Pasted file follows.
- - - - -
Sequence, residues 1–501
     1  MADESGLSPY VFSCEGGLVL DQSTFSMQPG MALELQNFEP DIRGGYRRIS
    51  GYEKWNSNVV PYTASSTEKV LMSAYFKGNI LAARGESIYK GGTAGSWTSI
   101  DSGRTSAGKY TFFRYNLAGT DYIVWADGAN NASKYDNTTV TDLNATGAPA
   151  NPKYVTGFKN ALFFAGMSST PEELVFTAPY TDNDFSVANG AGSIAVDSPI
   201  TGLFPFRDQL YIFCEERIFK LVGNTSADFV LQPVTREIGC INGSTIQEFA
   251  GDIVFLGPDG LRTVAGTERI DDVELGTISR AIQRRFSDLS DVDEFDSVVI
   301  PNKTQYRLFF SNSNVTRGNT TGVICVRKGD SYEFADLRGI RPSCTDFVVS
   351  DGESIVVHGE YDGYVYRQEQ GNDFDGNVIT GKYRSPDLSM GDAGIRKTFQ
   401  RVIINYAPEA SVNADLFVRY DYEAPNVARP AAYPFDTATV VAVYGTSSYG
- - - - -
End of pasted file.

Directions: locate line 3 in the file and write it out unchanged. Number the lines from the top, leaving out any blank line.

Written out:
    51  GYEKWNSNVV PYTASSTEKV LMSAYFKGNI LAARGESIYK GGTAGSWTSI